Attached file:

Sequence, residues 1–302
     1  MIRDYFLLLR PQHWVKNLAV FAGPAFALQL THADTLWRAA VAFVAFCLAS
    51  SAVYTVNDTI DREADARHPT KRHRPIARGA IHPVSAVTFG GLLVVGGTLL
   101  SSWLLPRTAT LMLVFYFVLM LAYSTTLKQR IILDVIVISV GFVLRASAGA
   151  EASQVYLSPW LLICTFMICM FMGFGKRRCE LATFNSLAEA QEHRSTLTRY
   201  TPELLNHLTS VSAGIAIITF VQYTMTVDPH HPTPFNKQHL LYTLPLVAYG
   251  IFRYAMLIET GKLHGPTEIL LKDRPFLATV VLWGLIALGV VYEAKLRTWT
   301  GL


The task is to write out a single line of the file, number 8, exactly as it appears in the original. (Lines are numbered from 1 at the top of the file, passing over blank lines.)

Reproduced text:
   301  GL